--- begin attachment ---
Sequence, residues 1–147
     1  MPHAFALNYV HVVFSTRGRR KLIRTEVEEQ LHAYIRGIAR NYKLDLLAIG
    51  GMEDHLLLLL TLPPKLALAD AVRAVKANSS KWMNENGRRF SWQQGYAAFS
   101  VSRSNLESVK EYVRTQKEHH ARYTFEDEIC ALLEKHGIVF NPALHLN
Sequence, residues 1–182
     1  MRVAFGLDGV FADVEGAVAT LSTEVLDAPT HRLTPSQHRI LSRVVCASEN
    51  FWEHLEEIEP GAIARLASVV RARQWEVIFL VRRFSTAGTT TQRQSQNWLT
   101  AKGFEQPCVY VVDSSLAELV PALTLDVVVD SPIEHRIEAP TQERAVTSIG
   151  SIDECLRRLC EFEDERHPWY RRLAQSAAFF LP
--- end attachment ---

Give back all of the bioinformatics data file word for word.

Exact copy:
Sequence, residues 1–147
     1  MPHAFALNYV HVVFSTRGRR KLIRTEVEEQ LHAYIRGIAR NYKLDLLAIG
    51  GMEDHLLLLL TLPPKLALAD AVRAVKANSS KWMNENGRRF SWQQGYAAFS
   101  VSRSNLESVK EYVRTQKEHH ARYTFEDEIC ALLEKHGIVF NPALHLN
Sequence, residues 1–182
     1  MRVAFGLDGV FADVEGAVAT LSTEVLDAPT HRLTPSQHRI LSRVVCASEN
    51  FWEHLEEIEP GAIARLASVV RARQWEVIFL VRRFSTAGTT TQRQSQNWLT
   101  AKGFEQPCVY VVDSSLAELV PALTLDVVVD SPIEHRIEAP TQERAVTSIG
   151  SIDECLRRLC EFEDERHPWY RRLAQSAAFF LP